The main governing party, PSD,  has worried multinational companies at the end of 2016 and the start of 2017 after a series of declarations, especially regarding “rumors” about their involvement in the street protests that have followed the adoption of controversial government decree 13.

     The PSD head of the parliamentary committee that supervises the activity of the Romanian Intelligence Service (SRI) had asked the Service to “investigate” the companies’ possible involvement in the demonstrations.
     Later, another declaration made by a PSD heavyweight, the party’s executive president, Senator Niculae Badalau, was seen by the media as offensive towards the multinational companies. Badalau said that the governing coalition PSD-ALDE will come very soon with a modification of the legislation that will allow the adequate taxation of the profits made by multinational companies.
     Is PSD heading for a confrontation with the multinationals?
     Short answer: Most probably not. Two issues should be outlined here:
1.       The taxation of profits made by multinationals in order to avoid the erosion of the tax base (BEPS) is not a PSD initiative but an European one. All the EU countries must adopt legislation in that area because of the EU Directive 1164/2016 that sets the framework for preventing tax-avoiding practices.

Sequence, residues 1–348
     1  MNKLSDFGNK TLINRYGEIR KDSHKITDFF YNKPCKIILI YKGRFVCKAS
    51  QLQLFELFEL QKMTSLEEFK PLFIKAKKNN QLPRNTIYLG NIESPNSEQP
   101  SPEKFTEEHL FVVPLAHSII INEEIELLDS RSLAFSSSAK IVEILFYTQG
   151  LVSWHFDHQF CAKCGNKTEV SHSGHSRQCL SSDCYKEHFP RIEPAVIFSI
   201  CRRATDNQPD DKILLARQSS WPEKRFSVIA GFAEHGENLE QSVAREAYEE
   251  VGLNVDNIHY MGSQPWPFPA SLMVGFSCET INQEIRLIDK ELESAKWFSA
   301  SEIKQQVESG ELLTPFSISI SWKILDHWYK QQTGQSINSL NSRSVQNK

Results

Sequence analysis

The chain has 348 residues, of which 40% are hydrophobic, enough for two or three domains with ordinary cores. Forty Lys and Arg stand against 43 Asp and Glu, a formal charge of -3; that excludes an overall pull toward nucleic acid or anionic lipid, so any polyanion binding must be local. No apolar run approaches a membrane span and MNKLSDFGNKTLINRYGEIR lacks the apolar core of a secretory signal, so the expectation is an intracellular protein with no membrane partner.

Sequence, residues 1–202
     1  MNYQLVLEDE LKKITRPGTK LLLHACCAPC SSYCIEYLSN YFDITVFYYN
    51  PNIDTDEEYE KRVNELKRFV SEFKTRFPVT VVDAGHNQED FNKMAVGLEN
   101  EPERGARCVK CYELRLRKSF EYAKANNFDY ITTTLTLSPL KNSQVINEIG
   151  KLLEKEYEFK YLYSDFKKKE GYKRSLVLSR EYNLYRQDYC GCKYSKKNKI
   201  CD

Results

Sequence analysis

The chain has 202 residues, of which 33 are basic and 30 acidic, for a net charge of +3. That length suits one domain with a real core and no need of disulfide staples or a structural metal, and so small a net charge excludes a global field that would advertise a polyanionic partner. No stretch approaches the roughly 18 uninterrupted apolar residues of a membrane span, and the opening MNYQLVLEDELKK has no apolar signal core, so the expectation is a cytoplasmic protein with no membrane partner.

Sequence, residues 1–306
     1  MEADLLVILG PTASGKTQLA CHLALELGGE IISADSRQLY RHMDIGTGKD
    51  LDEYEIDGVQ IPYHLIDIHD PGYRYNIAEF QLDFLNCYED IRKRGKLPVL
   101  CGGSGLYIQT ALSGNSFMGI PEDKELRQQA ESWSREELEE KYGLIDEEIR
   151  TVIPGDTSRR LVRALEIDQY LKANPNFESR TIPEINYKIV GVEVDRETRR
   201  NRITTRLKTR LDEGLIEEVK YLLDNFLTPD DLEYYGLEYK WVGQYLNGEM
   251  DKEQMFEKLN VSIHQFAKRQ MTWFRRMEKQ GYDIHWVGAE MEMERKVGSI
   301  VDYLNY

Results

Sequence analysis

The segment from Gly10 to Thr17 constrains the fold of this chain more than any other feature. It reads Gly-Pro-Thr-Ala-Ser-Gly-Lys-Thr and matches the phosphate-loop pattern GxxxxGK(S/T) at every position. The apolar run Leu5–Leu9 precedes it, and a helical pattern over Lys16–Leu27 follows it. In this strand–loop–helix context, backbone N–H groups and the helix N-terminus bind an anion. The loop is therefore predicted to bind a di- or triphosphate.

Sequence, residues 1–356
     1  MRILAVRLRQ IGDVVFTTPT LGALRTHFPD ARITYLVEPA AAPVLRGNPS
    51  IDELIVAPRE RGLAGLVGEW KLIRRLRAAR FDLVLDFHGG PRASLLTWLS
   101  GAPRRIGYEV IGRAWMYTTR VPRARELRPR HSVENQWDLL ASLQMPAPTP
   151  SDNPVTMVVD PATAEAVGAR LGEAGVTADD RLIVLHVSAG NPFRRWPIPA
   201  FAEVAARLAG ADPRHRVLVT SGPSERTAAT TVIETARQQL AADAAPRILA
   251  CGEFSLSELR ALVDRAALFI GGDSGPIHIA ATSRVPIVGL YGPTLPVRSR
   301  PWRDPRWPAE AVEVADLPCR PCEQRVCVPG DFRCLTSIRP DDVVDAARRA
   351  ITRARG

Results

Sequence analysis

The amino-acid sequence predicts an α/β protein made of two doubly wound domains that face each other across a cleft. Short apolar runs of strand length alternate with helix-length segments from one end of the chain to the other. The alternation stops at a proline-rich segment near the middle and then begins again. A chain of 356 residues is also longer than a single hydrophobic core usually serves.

It should be fully implemented until 31st December 2018 but each country must send to the European Commission all the information regarding the fight against BEPS.
The Government went further and drafted a legislative project to be introduced in the Parliament that will make Romania part of OECD’s Project BEPS.
     In other words, PSD is addressing a legitimate issue concerning European legislation that is going to be implemented, it does not come with a direct threat towards multinational companies. PSD’s executive president had just just communicated a state of fact.
2.       The leaders of the coalition have made conciliatory gestures towards multinationals.
     Prime Minister Sorin Grindeanu and dissident PSD former Vice-President Mihai Chirica (mayor of Iasi) have taken a different approach, saying that the multinational companies should be protected.
     Grindeanu even met with the representatives of powerful multinational oil companies OMV-Petrom and ExxonMobil in a clear demonstration that the Government will not take a confrontational path towards this type of companies.
     Dragnea himself sent a message later by praising another international company in Romania, Lidl supermarket chain in order to show that he does not have something specifically against this type of companies.
     In conclusion, it seems clear now that the leaders of the governing coalition are now more favorable to a dialogue with the multinational companies, not confrontation.
     With the political tension decreased significantly, PSD and the PSD-led Government seem to have reversed to their old position towards foreign investors: They are open to dialogue and cooperation and their actions are different from the rhetoric seen in complex political situations.

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